The determination of the mating force W is somewhat more com-plicated for annular snap joints. This is because the snap-fitting bead on the shaft expands a relatively large portion of the tube (Fig. 25). Accordingly, the stress is also distributed over a large area of the material surrounding the bead.

Experimentally proven answers to this problem are based on the "theory of a beam of infinite length resting on a resilient foundation." Two extreme cases are depicted in Fig. 26.

Fig. 25: Stress distribution during joining operation

Fig. 26: Beam resting on a resilient foundation

1

The force P is applied at the end of the beam. (This corresponds to a snap joint with the groove at the end of the tube.)

2

The force P is applied a long distance (co) from the end of the beam. (This is equivalent to an annular snap joint with the groove remote from the end of the tube)

A somewhat simplified version of the theory may

be expressed as follows for joints near the end of

the tube:

P=y d E s X

where

 P = transverse force y = undercut

d = diameter at the joint ES = secant modulus E s = secant modulus

X = geometric factor

The geometric factor X takes into account the geometric rigidity.

As far as the mating force is concerned, friction conditions and joint angles must also be taken into consideration.

µ + tan

W=P

[( d 0 /d) 2 + 1]/[(d 0 /d) 2 – 1] +

where

= friction coefficient = lead angle

µ

The geometric factor, assuming that the shaft

is

follows:

rigid and the outer tube (hub) is elastic, is as

X N = 0.62

where

d 0 = external diameter of the tube

d = diameter at the joint = Poisson's ratio

D

If the tube is rigid and the hollow shaft

elastic, then

X w = 0.62

where

(d/d i – 1)/(d/d i + 1)

[(d/d i ) 2 + 1]/[(d/d i ) 2 – 1] –

 d = diameter at the joint d i = internal diameter of the hollow shaft

The geometric factors X N and X w can be found in Fig. 27.

The snap joint is considered "remote" if the distance from the end of the tube is at least

1.8 d t

where

 d = joint diameter t = wall thickness

In this case, the transverse force P and mating force W are theoretically four times as great as when the joint is near the end of the tube. However, tests have shown that the actual mating forces rarely exceed the factor 3

P remote 3P near

W remote 3W near

This means that if the joint lies be-tween O and minimum, then the factor is between 1 and 3.

The secant modulus E s must be determined as

a function of the strain e from Fig. 16. For the

sake of simplicity, it may be assumed here that the strain

y

=

d

where

y

d

. 100%

= undercut

= diameter,

over the entire wall thickness. (In fact, it varies at different points and in different directions on the wall cross section).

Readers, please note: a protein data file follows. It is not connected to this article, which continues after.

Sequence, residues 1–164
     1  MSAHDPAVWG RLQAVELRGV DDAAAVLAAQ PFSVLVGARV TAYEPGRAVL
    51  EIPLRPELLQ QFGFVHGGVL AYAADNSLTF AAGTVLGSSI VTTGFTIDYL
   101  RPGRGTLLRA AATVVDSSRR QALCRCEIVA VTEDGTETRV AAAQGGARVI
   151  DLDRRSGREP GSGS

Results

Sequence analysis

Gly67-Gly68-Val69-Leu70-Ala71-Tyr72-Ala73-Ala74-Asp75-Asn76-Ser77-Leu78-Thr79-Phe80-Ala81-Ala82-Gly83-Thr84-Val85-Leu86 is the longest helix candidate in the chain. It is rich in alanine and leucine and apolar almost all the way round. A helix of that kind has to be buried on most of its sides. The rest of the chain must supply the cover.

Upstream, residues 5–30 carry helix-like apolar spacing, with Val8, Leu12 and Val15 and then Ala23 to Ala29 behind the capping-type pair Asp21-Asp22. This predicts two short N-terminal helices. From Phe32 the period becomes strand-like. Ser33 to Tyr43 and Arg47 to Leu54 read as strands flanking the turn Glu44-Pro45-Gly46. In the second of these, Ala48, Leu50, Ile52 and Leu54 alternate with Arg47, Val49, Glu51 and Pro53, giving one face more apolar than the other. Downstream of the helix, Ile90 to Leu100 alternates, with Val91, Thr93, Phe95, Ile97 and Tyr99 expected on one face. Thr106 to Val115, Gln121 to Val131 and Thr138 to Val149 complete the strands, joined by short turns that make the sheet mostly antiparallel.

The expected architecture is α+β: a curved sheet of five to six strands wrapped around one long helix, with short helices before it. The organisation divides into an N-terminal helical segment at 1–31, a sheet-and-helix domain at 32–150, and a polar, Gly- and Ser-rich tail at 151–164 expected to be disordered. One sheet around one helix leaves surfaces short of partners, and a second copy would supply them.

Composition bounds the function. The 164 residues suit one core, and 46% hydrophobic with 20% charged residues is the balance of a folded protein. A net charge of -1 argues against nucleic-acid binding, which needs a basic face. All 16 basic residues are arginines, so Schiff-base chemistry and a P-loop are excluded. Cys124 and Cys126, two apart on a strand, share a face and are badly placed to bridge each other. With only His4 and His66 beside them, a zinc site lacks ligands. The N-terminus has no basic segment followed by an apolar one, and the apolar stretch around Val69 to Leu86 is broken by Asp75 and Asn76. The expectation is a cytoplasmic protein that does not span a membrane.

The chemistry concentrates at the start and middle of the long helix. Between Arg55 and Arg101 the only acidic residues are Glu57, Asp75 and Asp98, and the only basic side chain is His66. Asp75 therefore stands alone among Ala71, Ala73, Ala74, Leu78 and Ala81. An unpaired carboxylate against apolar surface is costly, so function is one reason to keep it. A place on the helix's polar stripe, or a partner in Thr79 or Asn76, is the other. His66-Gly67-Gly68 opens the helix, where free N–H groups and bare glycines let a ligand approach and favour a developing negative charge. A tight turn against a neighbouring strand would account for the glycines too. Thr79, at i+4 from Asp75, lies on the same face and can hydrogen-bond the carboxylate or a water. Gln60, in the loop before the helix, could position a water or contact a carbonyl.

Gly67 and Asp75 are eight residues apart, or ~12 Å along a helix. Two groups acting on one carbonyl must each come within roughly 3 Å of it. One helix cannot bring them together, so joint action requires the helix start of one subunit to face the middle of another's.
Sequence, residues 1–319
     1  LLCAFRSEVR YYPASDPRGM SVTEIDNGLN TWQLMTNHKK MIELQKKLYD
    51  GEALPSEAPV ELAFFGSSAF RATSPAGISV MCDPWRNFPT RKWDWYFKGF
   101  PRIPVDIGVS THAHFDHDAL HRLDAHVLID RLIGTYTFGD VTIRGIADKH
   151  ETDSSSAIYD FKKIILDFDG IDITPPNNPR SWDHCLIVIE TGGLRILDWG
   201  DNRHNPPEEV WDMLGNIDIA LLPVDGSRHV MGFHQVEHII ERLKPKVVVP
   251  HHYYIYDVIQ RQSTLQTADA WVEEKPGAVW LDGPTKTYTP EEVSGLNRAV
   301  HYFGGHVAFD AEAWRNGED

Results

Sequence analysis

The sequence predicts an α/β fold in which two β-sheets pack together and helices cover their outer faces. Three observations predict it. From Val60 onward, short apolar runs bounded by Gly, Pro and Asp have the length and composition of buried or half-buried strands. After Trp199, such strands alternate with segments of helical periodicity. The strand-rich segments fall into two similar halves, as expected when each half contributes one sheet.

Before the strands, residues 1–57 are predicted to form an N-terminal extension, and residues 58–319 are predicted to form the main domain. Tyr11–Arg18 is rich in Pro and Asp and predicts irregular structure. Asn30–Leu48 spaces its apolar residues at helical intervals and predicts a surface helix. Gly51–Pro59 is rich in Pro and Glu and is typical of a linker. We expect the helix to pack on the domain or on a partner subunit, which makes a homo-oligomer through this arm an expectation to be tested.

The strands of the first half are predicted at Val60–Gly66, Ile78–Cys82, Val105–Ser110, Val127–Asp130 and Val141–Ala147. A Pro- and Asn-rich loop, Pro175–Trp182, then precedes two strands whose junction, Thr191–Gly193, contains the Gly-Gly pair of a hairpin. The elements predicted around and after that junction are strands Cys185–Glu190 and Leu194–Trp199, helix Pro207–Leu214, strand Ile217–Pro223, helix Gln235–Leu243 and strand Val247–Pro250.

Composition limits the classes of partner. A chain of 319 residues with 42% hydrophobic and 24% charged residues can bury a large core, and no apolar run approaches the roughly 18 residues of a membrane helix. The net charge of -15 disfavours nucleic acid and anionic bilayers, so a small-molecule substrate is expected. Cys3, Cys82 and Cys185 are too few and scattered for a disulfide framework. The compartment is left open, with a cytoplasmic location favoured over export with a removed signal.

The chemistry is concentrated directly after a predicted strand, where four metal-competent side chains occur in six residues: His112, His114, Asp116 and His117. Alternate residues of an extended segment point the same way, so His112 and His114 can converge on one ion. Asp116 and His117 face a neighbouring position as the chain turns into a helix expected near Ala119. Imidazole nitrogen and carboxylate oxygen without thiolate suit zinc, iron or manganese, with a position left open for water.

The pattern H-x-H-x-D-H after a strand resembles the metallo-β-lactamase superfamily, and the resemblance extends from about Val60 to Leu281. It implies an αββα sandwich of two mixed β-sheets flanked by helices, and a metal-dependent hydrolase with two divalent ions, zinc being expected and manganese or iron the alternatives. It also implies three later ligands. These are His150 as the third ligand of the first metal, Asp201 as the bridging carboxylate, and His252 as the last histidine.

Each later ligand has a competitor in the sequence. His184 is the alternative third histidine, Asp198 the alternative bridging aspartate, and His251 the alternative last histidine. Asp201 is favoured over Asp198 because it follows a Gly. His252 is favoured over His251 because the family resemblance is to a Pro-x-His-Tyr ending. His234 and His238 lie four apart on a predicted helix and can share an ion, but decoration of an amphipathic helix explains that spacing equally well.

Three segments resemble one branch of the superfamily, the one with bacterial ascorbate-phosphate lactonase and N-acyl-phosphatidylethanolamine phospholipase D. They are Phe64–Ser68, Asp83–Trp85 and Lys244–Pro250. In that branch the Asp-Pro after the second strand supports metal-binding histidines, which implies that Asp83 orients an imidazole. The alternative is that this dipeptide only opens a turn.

Fig. 27: Diagrams for determining the geometric factor X for annular snap joints

Annular Snap Joints

D

Fig. 28: Lamp housing with cover

Calculation example annular snap joint

Given:

Lamp cover and housing made of Makrolon ® polycarbonate. Snap-fitting groove near the end.

Dimensions:

d = 200 mm (7.87 in)

t = 2.5 mm (0.098 in) for both mating parts

y = 2 x 1 mm (0.039 in) = 45°

The lead and return angle is 45°. The edge is rounded, however, and the effective angle may be assumed to be = 30°.

Required:

Occurring strain Deflection force P Mating force W

Solution

Strain:

=

y

d

= 0.5%

=

1 mm*

200 mm

100%

*Since both mating parts have approximately equal stiffness, the deflection for each part is approximately half the undercut. This strain is permissible for polycarbonate according to Table 2.

Transverse force P:

P=y d E s X

As the mating parts are of approximately equal stiffness, the calculation may be performed for either component. In this case the lamp cover (hub) has been chosen.

X N from Fig. 27 with

d 0 = 200 + 2 x 2.5 = 1.025

d

X N = 0.0017 = 1.7 x 10 -3

200

Secant modulus ES from Fig. 16

E x = 2,200 MPa (320,000 psi)

P = 1 mm x 200 mm x 2,200 MPa x 1.7 x 10 -3 = 748 N

P = 748 N (168 lb)

Mating force, µ = 0.6 from Table 3:

 µ + tang W=P 1 — µ tan = 748 N x 1.8 =

= 1,346 N

Value 1.8 (from Fig. 18)

W = 1,346 N (302.5 lb)

The mating and opening force W in this case

is a considerable force. It should be remem-

bered, however, that such a force would only occur if mating parts in true axial align-ment were joined by machine. In manual assembly, the greater part of the bead is first introduced into the groove at an angle and only the remaining portion is pressed or knocked into position. The mating forces occurring under these circumstances are much smaller, as only part of the bead is deformed.